At the beginning of the election campaign, when I contacted Ahsan Rashid, president of Tehreek Insaaf Punjab (Imran Khan Party), to ask him to support our candidate, he told me that the party decided not to contest the bye elections because of the extremely different and difficult situation. They had taken part in three bye elections earlier in the year with their best result in Lahore where they received nearly 10,000 votes. Ihsan Rashid told me that there has been no registration of new voters since 2002. As a consequence many who have become 18, have never been registered. Additionally, he said that during by elections, the government uses massive state resources. This observation by the president of a party that has tremendous resources gave us knowledge of what we would confront. Still we decided to go ahead, we had our reasons.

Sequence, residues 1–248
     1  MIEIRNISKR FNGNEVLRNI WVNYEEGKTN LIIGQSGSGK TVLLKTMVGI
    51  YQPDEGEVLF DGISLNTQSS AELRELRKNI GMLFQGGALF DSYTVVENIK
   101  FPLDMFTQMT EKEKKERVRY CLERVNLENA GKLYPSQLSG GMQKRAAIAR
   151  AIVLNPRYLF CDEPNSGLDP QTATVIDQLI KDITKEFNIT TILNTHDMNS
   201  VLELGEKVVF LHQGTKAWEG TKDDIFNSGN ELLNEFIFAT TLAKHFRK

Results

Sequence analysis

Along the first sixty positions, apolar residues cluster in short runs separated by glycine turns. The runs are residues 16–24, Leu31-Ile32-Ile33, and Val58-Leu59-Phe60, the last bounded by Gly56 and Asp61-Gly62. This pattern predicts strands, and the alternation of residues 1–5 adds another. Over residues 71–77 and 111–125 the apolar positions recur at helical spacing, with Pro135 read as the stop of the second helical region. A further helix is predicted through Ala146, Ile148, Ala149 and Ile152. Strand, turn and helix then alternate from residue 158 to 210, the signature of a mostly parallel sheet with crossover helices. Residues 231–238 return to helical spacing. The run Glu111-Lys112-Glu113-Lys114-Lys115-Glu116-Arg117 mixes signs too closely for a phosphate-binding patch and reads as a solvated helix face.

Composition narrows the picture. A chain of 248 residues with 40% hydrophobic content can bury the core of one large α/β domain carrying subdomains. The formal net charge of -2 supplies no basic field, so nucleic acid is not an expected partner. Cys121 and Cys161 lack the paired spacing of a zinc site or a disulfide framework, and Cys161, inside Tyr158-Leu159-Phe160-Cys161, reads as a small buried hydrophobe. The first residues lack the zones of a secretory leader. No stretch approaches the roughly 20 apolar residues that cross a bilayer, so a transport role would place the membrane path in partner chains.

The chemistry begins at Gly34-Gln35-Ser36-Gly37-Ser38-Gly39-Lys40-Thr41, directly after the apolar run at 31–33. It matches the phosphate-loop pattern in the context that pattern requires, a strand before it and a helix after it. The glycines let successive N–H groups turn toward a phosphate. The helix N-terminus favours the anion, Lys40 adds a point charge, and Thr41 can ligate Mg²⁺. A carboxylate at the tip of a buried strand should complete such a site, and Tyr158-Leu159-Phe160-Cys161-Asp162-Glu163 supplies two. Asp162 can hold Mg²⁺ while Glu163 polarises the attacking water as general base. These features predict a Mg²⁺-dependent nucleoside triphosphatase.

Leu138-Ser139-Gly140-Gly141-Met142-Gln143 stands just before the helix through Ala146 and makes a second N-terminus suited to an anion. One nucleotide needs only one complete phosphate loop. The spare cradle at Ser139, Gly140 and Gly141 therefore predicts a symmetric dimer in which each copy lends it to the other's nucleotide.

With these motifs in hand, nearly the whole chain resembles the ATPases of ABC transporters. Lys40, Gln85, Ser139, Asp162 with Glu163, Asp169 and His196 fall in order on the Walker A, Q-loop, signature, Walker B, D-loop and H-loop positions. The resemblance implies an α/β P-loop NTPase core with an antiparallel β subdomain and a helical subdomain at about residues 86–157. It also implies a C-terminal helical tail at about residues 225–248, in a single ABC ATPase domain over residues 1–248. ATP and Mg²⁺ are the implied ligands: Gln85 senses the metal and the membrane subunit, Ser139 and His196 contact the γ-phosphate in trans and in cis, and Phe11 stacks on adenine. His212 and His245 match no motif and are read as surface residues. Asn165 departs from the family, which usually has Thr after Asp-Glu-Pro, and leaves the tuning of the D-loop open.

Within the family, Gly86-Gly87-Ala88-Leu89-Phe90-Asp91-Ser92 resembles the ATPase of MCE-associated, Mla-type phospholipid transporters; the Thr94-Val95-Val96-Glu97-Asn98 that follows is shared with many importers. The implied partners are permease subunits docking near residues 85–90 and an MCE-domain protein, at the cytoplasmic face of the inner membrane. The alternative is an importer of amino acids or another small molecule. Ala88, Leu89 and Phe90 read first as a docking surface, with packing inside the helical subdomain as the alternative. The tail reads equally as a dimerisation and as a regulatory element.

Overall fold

Why we contested?

Faisalabad is Pakistan’s textile city. Suddar, a suburb with many power looms and small textile factories, is one area of the constituency where we had the beginning of a workers movement. Since 2004 the Labour Qaumi Movement organized several industrial struggles in Faisalabad. We were able to fight against bonded labour and to secure social security cards for workers. Particularly during the last two years, the LQM has played an important role in winning wage increases in Suddar area. We had held several public meetings of the workers in Suddar and workers were looking toward us as offering an alternative in the political arena as well.

According to one estimate, there are around 14,000 industrial workers in this constituency. When the sitting member for the Punjab Assembly, Ajmal Asif resigned after the fake graduation degree he presented for his candidacy in 2008 general elections was exposed, a new election was announced last March. We had no choice but to take part in the coming elections. We could not tell workers to vote for one of the candidates from a capitalist-feudal party nor could we ask them to abstain.